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My great great grandfather 
My great great grandfather was a kamikaze...and before he went out to fulfill his duty, he wrote a letter to my great great grandmother...
My father still remembers that letter very well, because my grandmother was given the letter from my great great grandmother before she died...the letter goes like this:
"Just like any human being, I have only but one life to give, and my time is very short...I go off to my mission 2 days from today. I cannot tell you how nervous I am, but I also cannot tell you how excited I am to sacrifice my life for the Emperor. We recently had a child, but I was not able to be there for him as much. Give that child all your love, and remember to tell him that his father loved him very much, but had a important business to take care of. I love you. And may the Emperor riegn for eternity."
Yep...thats what the letter said...RIP grandpa, I'm sharing this, because I think its quite interesting.
- The B29 Superfortress which delivered the atomic bombs were strategic aircraft, designed for deep penetration behind enemy lines to strike industrial targets. The lone kamikaze which struck a lone allied warship were tactical aircraft used for that particular battle, Okinawa in this case. If a writer wishes to avoid making himself look foolish, then he should "brush-up" on his military history and terminology, know what he's talking about before making comments, other wise he is simply advertising his ignorance. —Preceding unsigned comment added by 184.108.40.206 (talk) 18:46, 15 February 2011 (UTC)
- Thanks for sharing. Do you know in which unit he served and where he was stationed? Path-x21 (talk) 11:28, 24 April 2011 (UTC)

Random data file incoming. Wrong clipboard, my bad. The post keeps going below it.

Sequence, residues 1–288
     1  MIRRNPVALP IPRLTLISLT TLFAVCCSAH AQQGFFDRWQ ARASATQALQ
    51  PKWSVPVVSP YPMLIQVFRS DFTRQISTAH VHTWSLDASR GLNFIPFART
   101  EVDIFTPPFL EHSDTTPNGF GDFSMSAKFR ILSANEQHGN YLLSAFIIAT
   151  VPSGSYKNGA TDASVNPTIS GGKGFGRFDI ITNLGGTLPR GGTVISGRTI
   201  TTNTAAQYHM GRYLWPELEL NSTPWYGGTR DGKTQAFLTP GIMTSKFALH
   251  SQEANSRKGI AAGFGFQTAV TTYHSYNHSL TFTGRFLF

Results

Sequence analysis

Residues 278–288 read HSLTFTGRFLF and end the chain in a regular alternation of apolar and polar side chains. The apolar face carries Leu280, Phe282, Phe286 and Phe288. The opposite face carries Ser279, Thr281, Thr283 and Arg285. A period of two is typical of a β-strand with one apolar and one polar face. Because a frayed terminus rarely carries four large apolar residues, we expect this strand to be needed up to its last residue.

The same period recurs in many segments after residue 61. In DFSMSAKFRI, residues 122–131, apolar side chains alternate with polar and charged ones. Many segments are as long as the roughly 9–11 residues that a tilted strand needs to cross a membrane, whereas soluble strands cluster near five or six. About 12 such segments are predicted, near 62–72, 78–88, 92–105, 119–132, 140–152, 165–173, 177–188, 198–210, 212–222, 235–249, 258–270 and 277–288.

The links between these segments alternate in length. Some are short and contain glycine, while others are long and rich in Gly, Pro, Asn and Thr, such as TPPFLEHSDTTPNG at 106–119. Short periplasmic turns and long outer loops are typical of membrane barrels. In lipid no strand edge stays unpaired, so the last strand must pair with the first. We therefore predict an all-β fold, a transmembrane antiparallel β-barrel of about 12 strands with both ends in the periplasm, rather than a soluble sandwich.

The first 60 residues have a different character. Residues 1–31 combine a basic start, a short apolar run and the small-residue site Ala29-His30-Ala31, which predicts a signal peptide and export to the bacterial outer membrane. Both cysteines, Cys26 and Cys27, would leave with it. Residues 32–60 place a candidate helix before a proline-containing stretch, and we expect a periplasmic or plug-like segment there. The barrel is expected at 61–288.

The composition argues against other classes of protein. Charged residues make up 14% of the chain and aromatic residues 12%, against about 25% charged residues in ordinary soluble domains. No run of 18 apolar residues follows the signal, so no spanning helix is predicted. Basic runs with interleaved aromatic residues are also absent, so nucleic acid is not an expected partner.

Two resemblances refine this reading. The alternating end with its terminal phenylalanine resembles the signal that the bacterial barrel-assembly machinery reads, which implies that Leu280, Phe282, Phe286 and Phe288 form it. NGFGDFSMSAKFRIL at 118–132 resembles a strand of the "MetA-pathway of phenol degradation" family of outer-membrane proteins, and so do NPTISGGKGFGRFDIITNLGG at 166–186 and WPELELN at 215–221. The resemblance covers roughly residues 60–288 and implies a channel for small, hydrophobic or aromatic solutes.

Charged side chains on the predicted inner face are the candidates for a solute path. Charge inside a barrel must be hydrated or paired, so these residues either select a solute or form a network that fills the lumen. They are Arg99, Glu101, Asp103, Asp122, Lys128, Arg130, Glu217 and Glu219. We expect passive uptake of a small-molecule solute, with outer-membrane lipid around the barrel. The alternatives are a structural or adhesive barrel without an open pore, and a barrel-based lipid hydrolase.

Quotation of Sasaki Hachiro 
I think the German part of the Quotation is not perfectly correct. Instead of "Zwei Seelen wohnen auch in mein[em] Herz!!" it should be "Zwei Seelen wohnen ach! in meiner Brust" which is from Goethes probably most famous Drama "Faust".220.127.116.11 (talk) 09:33, 2 February 2011 (UTC)
Influence in the years since 
Shouldn't the article emphasize more clearly that kamikazes were a likely inspiration for many mass homicide/suicide/terrorist missions since? And probably all of the ones involving planes, particularly the likely attribution to the September 11, 2001 attacks.Hoops gza (talk) 14:57, 10 April 2011 (UTC)
- Only if people can provide reliable, published sources that clearly show such a link. -- saberwyn 21:21, 10 April 2011 (UTC)
kamikaze refers to fatal or non fatal actions? 
"In English, the word kamikaze may also be used in a hyperbolic or metaphorical fashion to refer to non-fatal actions which result in significant loss for the attacker, such as injury or the end of a career."
The above statements says kamikaze refers to non fatal actions. I am confused as i think it should say "fatal actions". — Preceding unsigned comment added by Venkyzealous1 (talk • contribs) 09:37, 7 October 2011 (UTC)
Qoutes by Hayashi Ichizo/Ichizo Hayashi 
The last two quotations are from the same person, but the first and last part of the name are swapped between the two. I know nothing about the structure of Japanese names, but shouldn't one variation be chosen and used on both? Ladenzor (talk) 02:41, 13 February 2012 (UTC)
Pronunciation in "listen" audio 
The pronunciation in the audio sounds odd to me. It almost sounds like there's a pitch accent on the first syllable, though in reality this word clearly has pitch accent on the second syllable: kamiꜜkaze, at least in my Kanto (eastern, Tokyo area) Japanese. Does anyone know about the source of the audio? Otherwise, I may record a new one. mitcho (talk) 01:43, 19 April 2013 (UTC)